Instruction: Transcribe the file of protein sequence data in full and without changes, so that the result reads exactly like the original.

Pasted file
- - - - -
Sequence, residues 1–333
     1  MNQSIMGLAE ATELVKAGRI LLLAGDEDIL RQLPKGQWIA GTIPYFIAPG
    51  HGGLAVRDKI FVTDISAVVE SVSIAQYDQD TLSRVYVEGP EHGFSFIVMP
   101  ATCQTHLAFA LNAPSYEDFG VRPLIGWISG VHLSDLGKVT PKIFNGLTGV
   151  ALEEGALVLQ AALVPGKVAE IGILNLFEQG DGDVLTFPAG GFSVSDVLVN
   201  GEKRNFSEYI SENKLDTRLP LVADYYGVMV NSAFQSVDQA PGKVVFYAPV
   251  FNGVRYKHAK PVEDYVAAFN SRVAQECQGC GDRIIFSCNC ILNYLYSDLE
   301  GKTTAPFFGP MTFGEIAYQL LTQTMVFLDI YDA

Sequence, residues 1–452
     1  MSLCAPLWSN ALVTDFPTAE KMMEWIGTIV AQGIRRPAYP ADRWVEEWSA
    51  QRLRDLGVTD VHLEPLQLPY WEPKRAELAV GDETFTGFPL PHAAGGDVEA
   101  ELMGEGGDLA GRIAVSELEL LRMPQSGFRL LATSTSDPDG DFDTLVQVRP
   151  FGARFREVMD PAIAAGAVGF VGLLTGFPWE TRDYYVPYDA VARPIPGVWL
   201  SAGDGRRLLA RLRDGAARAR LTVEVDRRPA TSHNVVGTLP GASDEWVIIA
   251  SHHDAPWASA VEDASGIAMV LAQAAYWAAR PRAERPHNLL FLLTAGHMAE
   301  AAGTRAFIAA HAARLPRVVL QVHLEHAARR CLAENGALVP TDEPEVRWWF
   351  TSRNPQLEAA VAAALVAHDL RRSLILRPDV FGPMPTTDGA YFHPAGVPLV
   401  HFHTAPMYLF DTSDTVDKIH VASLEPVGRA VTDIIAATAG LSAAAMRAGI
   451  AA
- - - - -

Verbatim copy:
Sequence, residues 1–333
     1  MNQSIMGLAE ATELVKAGRI LLLAGDEDIL RQLPKGQWIA GTIPYFIAPG
    51  HGGLAVRDKI FVTDISAVVE SVSIAQYDQD TLSRVYVEGP EHGFSFIVMP
   101  ATCQTHLAFA LNAPSYEDFG VRPLIGWISG VHLSDLGKVT PKIFNGLTGV
   151  ALEEGALVLQ AALVPGKVAE IGILNLFEQG DGDVLTFPAG GFSVSDVLVN
   201  GEKRNFSEYI SENKLDTRLP LVADYYGVMV NSAFQSVDQA PGKVVFYAPV
   251  FNGVRYKHAK PVEDYVAAFN SRVAQECQGC GDRIIFSCNC ILNYLYSDLE
   301  GKTTAPFFGP MTFGEIAYQL LTQTMVFLDI YDA

Sequence, residues 1–452
     1  MSLCAPLWSN ALVTDFPTAE KMMEWIGTIV AQGIRRPAYP ADRWVEEWSA
    51  QRLRDLGVTD VHLEPLQLPY WEPKRAELAV GDETFTGFPL PHAAGGDVEA
   101  ELMGEGGDLA GRIAVSELEL LRMPQSGFRL LATSTSDPDG DFDTLVQVRP
   151  FGARFREVMD PAIAAGAVGF VGLLTGFPWE TRDYYVPYDA VARPIPGVWL
   201  SAGDGRRLLA RLRDGAARAR LTVEVDRRPA TSHNVVGTLP GASDEWVIIA
   251  SHHDAPWASA VEDASGIAMV LAQAAYWAAR PRAERPHNLL FLLTAGHMAE
   301  AAGTRAFIAA HAARLPRVVL QVHLEHAARR CLAENGALVP TDEPEVRWWF
   351  TSRNPQLEAA VAAALVAHDL RRSLILRPDV FGPMPTTDGA YFHPAGVPLV
   401  HFHTAPMYLF DTSDTVDKIH VASLEPVGRA VTDIIAATAG LSAAAMRAGI
   451  AA